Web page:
FRANK MURPHY, the thirty-fifth governor of Michigan, was born in Harbor Beach, Michigan on April 13, 1890. His education was attained at the University of Michigan, where he earned his undergraduate degree in 1912, and his law degree in 1914. He later attended graduate classes at Trinity College in Dublin and at Lincoln's Inn in London. Murphy saw action in both World Wars, serving as a first lieutenant and later rising to the rank of lieutenant colonel. After his military service, he secured an appointment as first assistant U.S. attorney for the Eastern District of Michigan, a position he held from 1919 to 1920. He also served as judge of the Recorder's Court from 1923 to 1930, was mayor of Detroit from 1930 to 1933, served as governor-general of the Philippine Islands from 1933 to 193, and was the U.S. First High Commissioner to the Philippines from 1935 to 1936. Murphy next secured the Democratic gubernatorial nomination, and was elected governor by a popular vote on November 3, 1936. During his tenure, an unemployment compensation system was instituted; a sit down strike in Flint and an industrial plant strike were both dealt with; and mental health programs were improved. After running unsuccessfully for reelection, Murphy left office on January 1, 1939.  He continued to stay politically active, serving as the U.S. attorney general, a position he held from 1939 to 1940. He also served as an associate justice of the U.S. Supreme Court from 1940 to 1949. Governor Frank Murphy passed away on July 19, 1949, and was buried in Our Lady of Lake Huron Cemetery in Harbor Beach, Michigan.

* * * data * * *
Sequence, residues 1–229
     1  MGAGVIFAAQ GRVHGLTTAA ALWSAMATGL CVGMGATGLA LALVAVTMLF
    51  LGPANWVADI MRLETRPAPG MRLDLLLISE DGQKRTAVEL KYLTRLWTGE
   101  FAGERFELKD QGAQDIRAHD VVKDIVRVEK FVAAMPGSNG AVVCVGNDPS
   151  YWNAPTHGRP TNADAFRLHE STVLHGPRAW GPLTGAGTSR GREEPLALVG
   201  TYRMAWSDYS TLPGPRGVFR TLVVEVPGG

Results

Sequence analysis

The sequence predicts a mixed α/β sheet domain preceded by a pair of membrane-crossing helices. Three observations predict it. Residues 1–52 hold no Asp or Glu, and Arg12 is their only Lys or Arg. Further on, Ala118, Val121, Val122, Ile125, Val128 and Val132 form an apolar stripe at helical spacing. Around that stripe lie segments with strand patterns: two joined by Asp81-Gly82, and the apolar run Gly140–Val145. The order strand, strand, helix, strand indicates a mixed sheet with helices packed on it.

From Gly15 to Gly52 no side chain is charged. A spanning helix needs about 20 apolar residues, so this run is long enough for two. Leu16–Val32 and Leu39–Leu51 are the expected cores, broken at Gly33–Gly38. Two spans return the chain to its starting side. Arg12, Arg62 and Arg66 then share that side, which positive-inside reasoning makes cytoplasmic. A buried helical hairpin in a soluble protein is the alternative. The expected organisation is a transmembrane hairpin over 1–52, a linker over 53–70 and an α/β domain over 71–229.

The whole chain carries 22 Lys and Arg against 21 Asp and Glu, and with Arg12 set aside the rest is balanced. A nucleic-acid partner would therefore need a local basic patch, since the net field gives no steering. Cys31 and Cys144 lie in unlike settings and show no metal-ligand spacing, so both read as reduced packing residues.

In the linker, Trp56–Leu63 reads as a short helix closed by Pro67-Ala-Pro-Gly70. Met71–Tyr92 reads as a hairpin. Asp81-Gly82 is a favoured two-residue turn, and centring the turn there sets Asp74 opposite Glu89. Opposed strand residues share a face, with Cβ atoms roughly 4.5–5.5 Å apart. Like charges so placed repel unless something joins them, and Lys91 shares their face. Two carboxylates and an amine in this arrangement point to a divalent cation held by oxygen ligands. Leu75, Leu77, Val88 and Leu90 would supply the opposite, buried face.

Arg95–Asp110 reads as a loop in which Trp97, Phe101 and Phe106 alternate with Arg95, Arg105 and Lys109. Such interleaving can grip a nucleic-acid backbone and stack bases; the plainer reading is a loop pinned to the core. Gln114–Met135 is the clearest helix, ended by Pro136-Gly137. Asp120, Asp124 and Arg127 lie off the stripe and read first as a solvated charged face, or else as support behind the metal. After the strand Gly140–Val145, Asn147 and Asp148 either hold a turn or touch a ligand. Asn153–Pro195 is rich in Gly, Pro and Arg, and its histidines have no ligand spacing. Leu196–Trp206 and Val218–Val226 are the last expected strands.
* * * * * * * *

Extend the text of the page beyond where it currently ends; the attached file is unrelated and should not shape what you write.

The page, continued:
Sources:

Sobel, Robert, and John Raimo, eds. Biographical Directory of the Governors of the United States, 1789-1978, Vol. 2, Westport, Conn.; Meckler Books, 1978. 4 vols.

University of Michigan Library

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The Political Graveyard